One other useful design feature: I put a bail handle on my latest model so it can be carried short distances while it's cooking. This comes in handy for wind shifts. The other campers at the table are a whole lot happier when the stove is down wind of them.Oct 2, 2008 at 2:23 pm #1453035
But I think your experiment suffers from inaccurate assumptions. Coming from a scientific background, I can attest that real world experiments are extremely sensitive to initial conditions and you must be very careful in how you set up the experiment.
Double wall woodstoves are based on the "reverse downdraft woodgas" stove principle, which is a modification of a forced air downdraft stove. (obviously, reverse downdraft means updraft or natural convection) That means that the fire starts at the top and migrates downward through the fuel. In this mode the flame front stays small and is close to the woodgas being produced, thereby creating more heat but less upflow of air. (the woodgas is actually being produced from the radiant heat of the flame in the fuel BELOW the flame, which then passes up THROUGH the flame to be ignited) The insulation of a double wall stove helps hold the smaller amount of heat in, and preheats the secondary air right at the point of combustion.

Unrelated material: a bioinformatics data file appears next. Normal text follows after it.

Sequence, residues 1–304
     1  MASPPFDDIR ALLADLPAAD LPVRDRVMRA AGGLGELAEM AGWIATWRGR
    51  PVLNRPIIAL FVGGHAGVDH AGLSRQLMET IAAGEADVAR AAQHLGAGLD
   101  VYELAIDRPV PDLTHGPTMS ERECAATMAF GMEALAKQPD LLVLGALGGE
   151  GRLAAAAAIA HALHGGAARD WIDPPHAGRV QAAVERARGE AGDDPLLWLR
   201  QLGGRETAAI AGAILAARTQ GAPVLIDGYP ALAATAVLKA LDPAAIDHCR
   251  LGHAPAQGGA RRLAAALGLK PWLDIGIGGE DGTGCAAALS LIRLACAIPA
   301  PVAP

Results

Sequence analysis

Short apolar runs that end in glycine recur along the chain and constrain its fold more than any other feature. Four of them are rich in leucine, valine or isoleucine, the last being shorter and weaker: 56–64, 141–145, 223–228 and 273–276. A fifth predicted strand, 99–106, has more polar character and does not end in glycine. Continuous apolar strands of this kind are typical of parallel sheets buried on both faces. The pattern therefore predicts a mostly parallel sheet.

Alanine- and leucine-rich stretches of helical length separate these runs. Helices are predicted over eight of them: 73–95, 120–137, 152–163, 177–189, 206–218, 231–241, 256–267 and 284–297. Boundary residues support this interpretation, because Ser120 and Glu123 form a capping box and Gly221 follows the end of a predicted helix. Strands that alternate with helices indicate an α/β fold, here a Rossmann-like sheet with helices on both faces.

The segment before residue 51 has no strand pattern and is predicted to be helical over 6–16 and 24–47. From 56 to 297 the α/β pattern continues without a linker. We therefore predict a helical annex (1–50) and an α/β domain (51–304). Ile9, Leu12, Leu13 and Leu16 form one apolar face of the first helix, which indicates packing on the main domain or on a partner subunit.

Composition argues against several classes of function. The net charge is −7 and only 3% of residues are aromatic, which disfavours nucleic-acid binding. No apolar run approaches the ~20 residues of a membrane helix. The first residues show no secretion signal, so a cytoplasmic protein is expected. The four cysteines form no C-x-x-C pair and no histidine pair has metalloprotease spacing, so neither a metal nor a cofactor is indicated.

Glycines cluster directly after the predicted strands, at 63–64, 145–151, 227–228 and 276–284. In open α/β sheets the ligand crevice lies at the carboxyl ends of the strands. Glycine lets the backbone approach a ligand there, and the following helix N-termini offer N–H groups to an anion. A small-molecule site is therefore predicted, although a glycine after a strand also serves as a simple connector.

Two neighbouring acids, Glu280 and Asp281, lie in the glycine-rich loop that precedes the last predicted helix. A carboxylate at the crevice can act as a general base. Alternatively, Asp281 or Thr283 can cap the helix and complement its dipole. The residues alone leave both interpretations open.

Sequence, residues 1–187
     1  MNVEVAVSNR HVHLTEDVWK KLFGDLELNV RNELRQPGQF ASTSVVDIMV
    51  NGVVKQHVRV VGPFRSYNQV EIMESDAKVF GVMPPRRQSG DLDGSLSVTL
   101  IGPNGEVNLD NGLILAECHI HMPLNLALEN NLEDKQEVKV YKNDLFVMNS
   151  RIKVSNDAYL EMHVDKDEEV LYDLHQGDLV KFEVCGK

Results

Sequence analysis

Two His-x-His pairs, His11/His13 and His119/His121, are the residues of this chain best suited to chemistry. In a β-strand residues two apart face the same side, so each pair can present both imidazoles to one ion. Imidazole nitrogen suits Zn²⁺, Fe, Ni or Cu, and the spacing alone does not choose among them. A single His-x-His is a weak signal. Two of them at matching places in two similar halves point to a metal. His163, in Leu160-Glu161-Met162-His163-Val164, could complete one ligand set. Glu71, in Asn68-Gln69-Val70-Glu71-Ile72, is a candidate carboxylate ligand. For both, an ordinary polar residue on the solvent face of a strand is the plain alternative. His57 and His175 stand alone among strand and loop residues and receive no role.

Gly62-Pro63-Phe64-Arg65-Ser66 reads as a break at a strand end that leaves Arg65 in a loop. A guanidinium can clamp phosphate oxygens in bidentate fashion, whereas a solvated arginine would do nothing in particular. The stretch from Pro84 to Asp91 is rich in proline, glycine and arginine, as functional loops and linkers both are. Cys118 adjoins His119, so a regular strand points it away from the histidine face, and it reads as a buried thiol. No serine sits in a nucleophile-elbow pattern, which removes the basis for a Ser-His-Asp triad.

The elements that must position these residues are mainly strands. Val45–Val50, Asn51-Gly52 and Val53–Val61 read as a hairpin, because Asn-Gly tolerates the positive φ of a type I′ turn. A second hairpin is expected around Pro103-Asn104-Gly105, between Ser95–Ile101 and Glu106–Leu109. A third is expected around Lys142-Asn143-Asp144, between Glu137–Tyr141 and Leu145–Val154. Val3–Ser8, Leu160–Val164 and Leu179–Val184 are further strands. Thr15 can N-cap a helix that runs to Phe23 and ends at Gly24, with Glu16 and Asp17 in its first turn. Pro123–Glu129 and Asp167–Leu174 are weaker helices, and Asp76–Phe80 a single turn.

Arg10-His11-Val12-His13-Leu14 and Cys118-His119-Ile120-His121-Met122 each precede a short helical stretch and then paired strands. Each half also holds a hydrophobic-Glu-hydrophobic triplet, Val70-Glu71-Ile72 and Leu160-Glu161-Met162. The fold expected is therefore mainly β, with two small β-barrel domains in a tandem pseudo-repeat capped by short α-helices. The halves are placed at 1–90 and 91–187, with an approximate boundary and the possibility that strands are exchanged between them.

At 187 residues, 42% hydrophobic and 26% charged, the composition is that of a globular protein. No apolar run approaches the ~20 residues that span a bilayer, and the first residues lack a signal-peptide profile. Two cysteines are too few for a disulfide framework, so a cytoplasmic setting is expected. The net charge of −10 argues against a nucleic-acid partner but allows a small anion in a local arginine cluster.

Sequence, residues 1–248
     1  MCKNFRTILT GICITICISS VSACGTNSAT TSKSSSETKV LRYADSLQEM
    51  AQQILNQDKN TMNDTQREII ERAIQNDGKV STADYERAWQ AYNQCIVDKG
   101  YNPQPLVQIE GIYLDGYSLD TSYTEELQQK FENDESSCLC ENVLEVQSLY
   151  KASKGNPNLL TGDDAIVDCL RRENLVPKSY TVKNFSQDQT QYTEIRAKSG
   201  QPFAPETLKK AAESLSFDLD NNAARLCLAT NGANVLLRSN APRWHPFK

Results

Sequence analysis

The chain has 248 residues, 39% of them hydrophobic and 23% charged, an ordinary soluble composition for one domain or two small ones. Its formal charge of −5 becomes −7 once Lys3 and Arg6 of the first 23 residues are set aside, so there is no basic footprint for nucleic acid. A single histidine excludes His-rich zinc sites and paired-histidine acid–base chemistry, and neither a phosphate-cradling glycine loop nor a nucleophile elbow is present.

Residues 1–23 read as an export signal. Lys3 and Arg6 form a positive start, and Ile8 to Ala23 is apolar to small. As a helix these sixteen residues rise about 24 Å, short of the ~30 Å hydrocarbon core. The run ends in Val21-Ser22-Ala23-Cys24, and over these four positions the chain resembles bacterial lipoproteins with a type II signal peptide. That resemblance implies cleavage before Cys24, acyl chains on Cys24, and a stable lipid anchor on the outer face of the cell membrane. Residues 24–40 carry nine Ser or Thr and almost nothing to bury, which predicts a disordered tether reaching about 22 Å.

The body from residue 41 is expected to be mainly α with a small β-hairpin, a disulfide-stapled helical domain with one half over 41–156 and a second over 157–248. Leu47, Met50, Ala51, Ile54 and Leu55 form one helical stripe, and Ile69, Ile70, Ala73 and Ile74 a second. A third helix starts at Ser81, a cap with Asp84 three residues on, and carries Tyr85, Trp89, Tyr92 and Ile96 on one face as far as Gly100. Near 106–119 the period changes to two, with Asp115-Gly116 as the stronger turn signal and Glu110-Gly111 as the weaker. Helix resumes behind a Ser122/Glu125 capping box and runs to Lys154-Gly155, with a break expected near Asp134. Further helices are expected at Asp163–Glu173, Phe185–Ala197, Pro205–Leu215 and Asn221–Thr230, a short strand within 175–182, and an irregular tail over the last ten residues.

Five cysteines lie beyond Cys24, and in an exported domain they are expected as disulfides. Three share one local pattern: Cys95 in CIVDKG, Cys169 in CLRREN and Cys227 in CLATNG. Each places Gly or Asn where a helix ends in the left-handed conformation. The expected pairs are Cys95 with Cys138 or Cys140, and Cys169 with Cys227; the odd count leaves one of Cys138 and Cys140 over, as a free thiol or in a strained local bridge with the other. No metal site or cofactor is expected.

When you light the fire from the bottom, you completely change the physics of the burn. The bottom fire heats up all the fuel above at one time, creating the huge cloud of unburned smoke, yet the fire itself is inches away (at the bottom) from the woodgas produced. Therefore, you waste a huge amount of the woodgas before it ever ignites. Once the flames propogate up enough to ignite the woodgas, you get a huge burst of flame and burn through your fuel very quickly.
Since there's this big fireball, air is sucked through the stove very rapidly, which pretty much negates any insulation quality of the stove itself. The stove just becomes a container for an open fire, much like an HVAC vent just moves hot air from one place to another without picking up much of the heat.
The key to an efficient and hot woodgas stove is to keep the burning woodgas inside the stove (and under the pot) for the maximum length of time to allow all the gases to burn. When your flames lick up around the outside of the pot, you're just heating the outside air, not the pot itself.
What you want is a slow, tightly contained flame that burns smoke free UNDER the pot. A double wall stove will help in that regard by preheating the secondary air. (The primary air supplies the flame front that propogates down, the secondary air mixes with the woodgas above the fire to insure complete combustion of the woodgas)
I would suggest running your experiment again, but ignite the fire from the TOP. If you use fluid to start the fire, make sure it doesn't drip down into the wood at the bottom and end up starting a fire there. Best way to do that is with a cotton ball soaked with a few drops of kerosene placed on top of the main fuel with a little kindling. (wood chips)